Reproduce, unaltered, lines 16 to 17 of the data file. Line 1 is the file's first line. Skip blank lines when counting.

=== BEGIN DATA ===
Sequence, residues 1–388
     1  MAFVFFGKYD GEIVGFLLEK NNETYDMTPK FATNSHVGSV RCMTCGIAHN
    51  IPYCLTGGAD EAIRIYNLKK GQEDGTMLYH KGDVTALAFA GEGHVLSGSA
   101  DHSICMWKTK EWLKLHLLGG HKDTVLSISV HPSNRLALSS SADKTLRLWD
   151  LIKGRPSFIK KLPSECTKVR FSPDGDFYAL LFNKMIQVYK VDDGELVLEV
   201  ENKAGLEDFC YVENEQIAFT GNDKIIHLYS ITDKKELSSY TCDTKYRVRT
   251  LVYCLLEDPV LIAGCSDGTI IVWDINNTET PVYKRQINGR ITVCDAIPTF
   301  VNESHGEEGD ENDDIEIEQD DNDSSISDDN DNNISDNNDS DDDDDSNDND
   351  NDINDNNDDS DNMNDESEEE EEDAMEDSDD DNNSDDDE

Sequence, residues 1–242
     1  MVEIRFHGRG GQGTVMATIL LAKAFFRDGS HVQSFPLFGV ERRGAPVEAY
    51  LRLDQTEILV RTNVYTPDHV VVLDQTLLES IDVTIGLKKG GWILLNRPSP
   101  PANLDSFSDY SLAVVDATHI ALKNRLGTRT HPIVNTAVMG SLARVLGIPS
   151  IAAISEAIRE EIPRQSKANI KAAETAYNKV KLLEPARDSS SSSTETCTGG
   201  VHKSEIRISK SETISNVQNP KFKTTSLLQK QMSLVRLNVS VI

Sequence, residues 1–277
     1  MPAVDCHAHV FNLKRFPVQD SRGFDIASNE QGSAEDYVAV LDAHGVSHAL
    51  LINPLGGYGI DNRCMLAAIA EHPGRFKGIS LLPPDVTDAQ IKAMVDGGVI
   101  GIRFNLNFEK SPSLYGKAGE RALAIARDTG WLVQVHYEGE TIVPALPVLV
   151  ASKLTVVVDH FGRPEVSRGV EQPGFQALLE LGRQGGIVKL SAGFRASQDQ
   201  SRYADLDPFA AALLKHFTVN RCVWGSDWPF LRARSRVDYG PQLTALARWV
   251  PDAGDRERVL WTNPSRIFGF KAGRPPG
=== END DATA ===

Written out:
Sequence, residues 1–277
     1  MPAVDCHAHV FNLKRFPVQD SRGFDIASNE QGSAEDYVAV LDAHGVSHAL